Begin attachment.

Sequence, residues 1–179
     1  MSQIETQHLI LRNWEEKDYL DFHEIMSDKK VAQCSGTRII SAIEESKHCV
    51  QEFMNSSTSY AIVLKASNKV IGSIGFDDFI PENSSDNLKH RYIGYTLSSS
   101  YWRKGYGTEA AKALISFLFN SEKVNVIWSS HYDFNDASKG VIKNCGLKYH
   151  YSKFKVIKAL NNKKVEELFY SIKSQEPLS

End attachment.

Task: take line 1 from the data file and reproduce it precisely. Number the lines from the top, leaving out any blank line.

Sequence, residues 1–179